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University College Cork
University College Cork

University College Cork – National University of Ireland, Cork (UCC)[4] (Irish: Coláiste na hOllscoile Corcaigh) is a constituent university of the National University of Ireland, and located in Cork.

The university was founded in 1845 as one of three Queen’s Colleges located in Belfast, Cork, and Galway.[5] It became University College, Cork, under the Irish Universities Act of 1908. The Universities Act 1997 renamed the university as National University of Ireland, Cork, and a Ministerial Order of 1998 renamed the university as University College Cork – National University of Ireland, Cork,[6] though it continues to be almost universally known as University College Cork.

Amongst other rankings and awards, the university was named Irish University of the Year by the Sunday Times on five occasions; most recently in 2017.[7][8] In 2015, UCC was also named as top performing university by the European Commission funded U-Multirank system, based on obtaining the highest number of "A" scores (21 out of 28 metrics) among a field of 1200 partaking universities.[9] UCC also became the first university to achieve the ISO 50001 standard in energy management in 2011.


Queen's College, Cork, was founded by the provisions of an act which enabled Queen Victoria to endow new colleges for the "Advancement of Learning in Ireland". Under the powers of this act, the three colleges of Belfast, Cork and Galway were incorporated on 30 December 1845. The college opened in 1849 with 23 professors and 181 students; Medicine, Arts, and Law were the three founding faculties. A year later the college became part of the Queen's University of Ireland.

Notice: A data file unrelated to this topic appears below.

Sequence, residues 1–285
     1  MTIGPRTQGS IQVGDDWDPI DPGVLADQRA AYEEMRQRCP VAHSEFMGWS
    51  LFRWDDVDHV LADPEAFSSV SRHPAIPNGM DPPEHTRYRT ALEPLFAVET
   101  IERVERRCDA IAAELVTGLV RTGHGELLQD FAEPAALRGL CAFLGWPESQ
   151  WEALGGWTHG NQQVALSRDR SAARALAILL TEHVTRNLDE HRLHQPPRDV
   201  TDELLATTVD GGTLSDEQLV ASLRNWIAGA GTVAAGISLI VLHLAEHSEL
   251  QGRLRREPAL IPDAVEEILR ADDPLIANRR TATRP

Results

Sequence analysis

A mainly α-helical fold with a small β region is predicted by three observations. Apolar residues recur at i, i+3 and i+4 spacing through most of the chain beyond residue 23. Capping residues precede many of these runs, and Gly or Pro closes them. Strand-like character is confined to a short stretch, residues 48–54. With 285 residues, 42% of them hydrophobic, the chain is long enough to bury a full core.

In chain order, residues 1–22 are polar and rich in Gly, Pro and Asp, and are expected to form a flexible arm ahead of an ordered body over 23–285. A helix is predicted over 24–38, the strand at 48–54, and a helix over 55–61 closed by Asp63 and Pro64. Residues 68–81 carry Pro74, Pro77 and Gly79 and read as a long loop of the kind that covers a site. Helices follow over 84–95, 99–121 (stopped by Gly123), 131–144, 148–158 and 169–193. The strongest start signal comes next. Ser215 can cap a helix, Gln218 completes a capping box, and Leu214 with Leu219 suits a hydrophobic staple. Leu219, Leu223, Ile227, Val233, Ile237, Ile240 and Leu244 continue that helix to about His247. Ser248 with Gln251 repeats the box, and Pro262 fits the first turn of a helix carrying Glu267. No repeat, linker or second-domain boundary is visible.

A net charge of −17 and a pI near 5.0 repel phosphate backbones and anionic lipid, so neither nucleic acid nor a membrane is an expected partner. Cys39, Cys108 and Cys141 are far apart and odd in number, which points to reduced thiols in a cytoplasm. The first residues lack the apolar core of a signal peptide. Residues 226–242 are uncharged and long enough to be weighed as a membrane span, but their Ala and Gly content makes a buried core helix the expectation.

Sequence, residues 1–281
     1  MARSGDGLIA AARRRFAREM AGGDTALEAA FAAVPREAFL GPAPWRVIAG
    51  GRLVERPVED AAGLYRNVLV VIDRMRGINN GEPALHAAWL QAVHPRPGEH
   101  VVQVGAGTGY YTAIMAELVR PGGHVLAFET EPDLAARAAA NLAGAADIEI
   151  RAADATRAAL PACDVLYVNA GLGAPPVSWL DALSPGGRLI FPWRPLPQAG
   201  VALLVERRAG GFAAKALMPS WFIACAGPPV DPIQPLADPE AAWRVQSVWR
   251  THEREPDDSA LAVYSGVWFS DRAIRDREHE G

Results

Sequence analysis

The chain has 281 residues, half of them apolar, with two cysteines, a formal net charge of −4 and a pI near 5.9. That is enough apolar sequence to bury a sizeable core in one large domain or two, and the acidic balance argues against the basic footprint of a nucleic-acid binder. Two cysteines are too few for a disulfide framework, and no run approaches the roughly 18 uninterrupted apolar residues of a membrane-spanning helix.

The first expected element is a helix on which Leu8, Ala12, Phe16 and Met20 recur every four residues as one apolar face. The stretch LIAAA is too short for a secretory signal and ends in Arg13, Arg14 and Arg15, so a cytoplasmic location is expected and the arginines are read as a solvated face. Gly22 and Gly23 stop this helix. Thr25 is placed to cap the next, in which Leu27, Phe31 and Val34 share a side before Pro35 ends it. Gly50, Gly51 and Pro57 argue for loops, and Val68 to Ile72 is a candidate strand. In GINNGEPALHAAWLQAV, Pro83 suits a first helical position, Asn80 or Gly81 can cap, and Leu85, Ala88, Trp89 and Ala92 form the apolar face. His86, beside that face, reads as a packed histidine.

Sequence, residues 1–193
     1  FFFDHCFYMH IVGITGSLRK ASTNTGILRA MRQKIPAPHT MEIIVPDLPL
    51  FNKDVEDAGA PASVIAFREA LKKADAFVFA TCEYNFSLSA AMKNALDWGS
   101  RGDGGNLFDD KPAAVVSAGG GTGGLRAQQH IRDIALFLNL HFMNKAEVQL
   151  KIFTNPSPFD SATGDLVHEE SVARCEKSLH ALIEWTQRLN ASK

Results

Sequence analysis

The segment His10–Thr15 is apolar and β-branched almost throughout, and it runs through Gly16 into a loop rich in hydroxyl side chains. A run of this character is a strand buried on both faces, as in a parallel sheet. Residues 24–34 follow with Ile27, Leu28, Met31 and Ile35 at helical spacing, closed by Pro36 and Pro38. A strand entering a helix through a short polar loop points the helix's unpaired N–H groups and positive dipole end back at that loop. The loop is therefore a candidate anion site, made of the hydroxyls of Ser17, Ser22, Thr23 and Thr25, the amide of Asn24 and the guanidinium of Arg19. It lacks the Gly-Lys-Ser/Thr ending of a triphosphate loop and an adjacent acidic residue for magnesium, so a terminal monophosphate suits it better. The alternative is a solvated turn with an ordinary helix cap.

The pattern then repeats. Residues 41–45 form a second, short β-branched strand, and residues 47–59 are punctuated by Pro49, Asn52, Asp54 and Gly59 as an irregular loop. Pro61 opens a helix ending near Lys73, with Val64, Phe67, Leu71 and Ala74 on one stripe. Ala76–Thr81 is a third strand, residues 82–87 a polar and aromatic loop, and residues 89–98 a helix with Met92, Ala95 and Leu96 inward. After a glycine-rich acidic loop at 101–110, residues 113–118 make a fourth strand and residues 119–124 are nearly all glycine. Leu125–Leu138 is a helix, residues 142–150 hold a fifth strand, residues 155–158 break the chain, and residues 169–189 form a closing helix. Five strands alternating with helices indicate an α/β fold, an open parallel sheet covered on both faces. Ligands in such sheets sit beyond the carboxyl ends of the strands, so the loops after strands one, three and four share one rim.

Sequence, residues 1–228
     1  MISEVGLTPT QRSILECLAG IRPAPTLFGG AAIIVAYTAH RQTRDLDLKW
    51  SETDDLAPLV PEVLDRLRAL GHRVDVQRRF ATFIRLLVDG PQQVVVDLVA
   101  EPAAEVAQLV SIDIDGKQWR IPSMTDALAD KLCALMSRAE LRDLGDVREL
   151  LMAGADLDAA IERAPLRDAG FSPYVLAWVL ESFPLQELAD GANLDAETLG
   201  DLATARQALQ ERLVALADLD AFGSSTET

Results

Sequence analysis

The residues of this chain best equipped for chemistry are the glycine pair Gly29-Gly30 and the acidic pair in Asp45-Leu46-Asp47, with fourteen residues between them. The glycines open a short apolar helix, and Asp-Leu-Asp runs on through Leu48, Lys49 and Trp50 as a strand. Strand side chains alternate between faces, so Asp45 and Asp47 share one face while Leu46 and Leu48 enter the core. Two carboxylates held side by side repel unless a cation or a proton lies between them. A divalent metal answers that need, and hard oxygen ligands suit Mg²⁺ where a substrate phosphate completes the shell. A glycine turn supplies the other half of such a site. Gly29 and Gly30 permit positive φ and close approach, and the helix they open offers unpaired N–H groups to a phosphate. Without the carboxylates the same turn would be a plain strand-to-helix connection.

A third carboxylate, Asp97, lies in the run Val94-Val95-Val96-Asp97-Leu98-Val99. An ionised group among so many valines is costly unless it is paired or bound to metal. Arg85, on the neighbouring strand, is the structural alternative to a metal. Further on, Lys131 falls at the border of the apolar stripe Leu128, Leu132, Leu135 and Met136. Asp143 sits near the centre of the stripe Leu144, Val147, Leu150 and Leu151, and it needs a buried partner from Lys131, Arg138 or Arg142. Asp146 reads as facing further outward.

The original site chosen for the college was considered appropriate as it was believed to have had a connection with the patron saint of Cork, Saint Finbarr. His monastery and school of learning were close by at Gill Abbey Rock and the mill attached to the monastery is thought to have stood on the bank of the south channel of the River Lee, which runs through the College lower grounds. This association is also reflected in the College motto "Where Finbarr Taught, Let Munster Learn" which is also the university motto.

Adjacent to Gillabbey and overlooking the valley of the river Lee, the site was selected in 1846.[10] The Tudor Gothic quadrangle and early campus buildings were designed and built by Sir Thomas Deane (1792-1871) and Benjamin Woodward (1816-1861). Queen's College Cork officially opened its doors in 1849, with further buildings added later, including the Medical/Windle Building in the 1860s.[11]